Three Hispanic States where the race will be won



With nine electoral votes, Colorado is the biggest prize in the Mountain West. That helps explains why, for the two weeks preceding the conventions, two of the nation’s top five media markets in terms of ad buys were Denver and Colorado Springs.

The Romney formula depends on turning out the GOP base, especially on the energy-oriented Western Slope and in El Paso County’s Colorado Springs, home to a politically active evangelical Christian community and a heavy military influence. This year, the expectation among Republicans is that Romney will also gain more traction in the Denver suburbs than John McCain.

The Obama strategy closely resembles the one successfully employed by Democratic Sen. Michael Bennet in 2010. Bennet ran well among Hispanics and benefited from an enormous gender gap — 17 points, according to exit polls. The same themes Bennet used — notably abortion rights and contraception — have been put to use again in Colorado and were underscored at the Democratic convention in Charlotte last week.

There’s a reason the president campaigned in Colorado with Sandra Fluke in early August, and why he’ll be back again later this week.


With its 29 electoral votes, Florida is essential for Romney.

The good news is that Republicans control the levers of power in the state thanks to their domination in recent elections — and the state party is one of the GOP’s best. Still, Democrats hold a nearly 450,000 voter registration advantage.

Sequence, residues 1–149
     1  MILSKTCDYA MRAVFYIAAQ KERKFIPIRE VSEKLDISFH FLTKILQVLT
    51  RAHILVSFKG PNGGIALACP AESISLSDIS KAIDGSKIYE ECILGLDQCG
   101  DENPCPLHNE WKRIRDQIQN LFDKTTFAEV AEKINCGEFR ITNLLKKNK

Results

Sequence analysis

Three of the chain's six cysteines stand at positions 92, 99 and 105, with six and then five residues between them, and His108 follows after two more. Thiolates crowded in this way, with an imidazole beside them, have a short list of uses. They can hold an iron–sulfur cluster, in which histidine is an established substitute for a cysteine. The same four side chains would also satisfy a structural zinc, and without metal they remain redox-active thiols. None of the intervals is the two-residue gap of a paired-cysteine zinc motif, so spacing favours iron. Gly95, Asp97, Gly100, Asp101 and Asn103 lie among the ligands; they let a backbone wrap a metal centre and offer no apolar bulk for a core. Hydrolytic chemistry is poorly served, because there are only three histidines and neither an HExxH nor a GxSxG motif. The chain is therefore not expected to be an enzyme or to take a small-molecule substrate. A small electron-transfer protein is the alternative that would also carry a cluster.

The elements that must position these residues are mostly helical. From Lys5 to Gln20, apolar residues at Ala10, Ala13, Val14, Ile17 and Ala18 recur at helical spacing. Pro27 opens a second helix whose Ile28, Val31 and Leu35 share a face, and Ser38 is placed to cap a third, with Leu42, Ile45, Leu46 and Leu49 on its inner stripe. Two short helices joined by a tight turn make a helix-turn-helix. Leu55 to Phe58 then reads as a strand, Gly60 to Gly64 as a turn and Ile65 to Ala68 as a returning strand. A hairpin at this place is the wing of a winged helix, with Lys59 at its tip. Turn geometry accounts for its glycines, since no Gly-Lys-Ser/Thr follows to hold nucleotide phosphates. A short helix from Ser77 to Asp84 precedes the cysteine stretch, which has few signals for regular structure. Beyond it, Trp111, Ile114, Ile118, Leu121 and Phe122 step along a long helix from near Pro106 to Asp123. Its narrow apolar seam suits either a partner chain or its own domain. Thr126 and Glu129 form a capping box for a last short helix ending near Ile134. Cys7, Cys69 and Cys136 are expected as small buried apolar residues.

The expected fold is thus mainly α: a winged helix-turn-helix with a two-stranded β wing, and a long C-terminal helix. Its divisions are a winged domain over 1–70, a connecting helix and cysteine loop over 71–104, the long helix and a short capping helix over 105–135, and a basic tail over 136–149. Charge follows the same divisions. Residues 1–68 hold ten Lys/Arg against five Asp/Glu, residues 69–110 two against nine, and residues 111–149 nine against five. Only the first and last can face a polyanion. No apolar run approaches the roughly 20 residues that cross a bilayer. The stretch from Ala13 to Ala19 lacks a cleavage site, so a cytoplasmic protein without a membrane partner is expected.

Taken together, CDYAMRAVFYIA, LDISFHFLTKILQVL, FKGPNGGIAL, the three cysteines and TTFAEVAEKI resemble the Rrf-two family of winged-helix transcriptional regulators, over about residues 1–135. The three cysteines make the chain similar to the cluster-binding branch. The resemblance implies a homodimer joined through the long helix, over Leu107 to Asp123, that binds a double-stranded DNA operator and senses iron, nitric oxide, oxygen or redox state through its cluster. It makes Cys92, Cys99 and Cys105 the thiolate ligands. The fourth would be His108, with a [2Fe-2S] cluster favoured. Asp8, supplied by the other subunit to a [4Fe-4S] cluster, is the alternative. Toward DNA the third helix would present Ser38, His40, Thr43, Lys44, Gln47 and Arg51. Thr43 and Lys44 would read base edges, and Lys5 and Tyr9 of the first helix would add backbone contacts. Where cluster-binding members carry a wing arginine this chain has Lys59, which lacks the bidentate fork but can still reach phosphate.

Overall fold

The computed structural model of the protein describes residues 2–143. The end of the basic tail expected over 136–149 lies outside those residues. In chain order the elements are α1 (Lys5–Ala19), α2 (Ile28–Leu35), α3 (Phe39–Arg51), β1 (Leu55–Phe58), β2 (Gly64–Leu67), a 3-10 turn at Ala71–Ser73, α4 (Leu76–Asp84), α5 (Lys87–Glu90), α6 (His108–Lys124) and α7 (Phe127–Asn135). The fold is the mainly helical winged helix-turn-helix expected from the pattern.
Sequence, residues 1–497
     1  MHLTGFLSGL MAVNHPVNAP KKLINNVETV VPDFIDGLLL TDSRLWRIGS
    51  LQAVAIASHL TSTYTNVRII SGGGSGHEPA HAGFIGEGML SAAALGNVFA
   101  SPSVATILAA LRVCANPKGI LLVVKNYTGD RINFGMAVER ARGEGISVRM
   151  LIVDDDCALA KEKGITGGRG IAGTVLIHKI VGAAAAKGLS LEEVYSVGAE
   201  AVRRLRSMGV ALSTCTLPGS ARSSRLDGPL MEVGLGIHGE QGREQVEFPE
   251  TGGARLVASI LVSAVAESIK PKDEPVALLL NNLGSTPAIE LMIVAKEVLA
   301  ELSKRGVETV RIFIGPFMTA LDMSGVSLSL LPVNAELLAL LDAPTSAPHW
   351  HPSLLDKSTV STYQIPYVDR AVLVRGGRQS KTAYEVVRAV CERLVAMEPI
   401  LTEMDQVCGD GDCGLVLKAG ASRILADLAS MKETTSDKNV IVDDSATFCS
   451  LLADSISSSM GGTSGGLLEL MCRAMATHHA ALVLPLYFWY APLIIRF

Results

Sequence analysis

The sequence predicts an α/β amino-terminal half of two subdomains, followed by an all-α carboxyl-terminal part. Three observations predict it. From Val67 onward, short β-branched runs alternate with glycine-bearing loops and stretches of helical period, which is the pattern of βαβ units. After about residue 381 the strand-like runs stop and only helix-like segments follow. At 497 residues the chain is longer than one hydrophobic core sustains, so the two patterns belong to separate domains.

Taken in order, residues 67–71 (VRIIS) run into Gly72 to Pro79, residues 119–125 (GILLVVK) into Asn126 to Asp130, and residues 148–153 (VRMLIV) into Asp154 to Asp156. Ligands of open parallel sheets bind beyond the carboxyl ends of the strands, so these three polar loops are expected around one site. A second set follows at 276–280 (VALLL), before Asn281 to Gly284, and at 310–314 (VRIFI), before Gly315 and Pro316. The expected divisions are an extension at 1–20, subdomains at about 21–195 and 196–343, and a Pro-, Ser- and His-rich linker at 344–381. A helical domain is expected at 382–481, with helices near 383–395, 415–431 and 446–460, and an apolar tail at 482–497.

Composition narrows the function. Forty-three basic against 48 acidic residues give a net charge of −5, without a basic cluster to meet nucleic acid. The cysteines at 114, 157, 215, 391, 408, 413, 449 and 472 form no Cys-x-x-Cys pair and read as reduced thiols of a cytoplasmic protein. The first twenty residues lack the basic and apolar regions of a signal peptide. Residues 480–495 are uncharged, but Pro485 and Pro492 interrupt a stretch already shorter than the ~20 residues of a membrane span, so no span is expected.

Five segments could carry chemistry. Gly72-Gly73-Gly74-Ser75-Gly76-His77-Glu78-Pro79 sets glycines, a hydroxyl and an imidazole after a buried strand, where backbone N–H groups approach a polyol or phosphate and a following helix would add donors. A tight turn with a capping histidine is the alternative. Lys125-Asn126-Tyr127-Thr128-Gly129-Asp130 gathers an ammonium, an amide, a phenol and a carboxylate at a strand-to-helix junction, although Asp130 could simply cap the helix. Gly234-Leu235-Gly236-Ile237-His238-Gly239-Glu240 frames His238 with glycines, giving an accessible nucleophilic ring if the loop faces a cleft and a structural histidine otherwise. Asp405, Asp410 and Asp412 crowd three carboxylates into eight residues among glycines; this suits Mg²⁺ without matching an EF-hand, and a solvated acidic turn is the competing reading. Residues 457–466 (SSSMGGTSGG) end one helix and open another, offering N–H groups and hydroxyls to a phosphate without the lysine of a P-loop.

This year, even as debates over Medicare and Israel have added a level of volatility to the presidential race there, many of the underlying fundamentals remain the same.

South Florida — namely populous Broward, Miami-Dade and Palm Beach counties — turned in big margins for Obama in 2008, which makes the I-4 corridor between Tampa and Orlando all the more important.

At one end, Tampa’s Hillsborough County is one of the nation’s top bellwethers: Since 1960, no presidential candidate has won Florida without carrying it.

Both sides are paying close attention to the swing county: The GOP went so far as to hold its national convention there, and Obama has visited at least twice already this year, not including his visit Saturday to nearby St. Petersburg.

At the other end of I-4, Romney needs to improve on the performance of McCain, who was blown out in Orlando’s populous Orange County in 2008 after the race there was decided by razor-thin margins in 2000 and 2004. But the growth of the non-Cuban Hispanic population in the area — most notably, the Democratic-voting Puerto Rican population — has altered the political equation over the past decade and made Romney’s Hispanic gap all the more glaring.


The president has led in every public poll there this year. Still, in the state with the nation’s highest unemployment rate, there are no guarantees.

Obama is running well with Hispanic voters, whose numbers have exploded in Nevada over the past decade, and he will have benefit of Sen. Harry Reid’s machine. Two X factors could also work to Obama’s advantage in a tight race: separate ballot lines for former New Mexico Gov. Gary Johnson, who’s running as a Libertarian, and for “None of the above.”

For Romney, whose numbers have been improving in Nevada, the state’s significant Mormon population will be an asset. And the Republican National Committee and Team Romney have done a solid job in attempting to overcome the state party’s circus sideshow.

In the end, the state’s two most populous counties will decide the outcome. Romney must pare down Obama’s winning margin in Las Vegas’s Clark County, where two-thirds of the Nevada vote was cast in 2008, and must dramatically improve on McCain’s anemic showing in Reno’s Washoe County battleground. Obama won both comfortably in 2008.

you can read the full 9 states race article on politico  here

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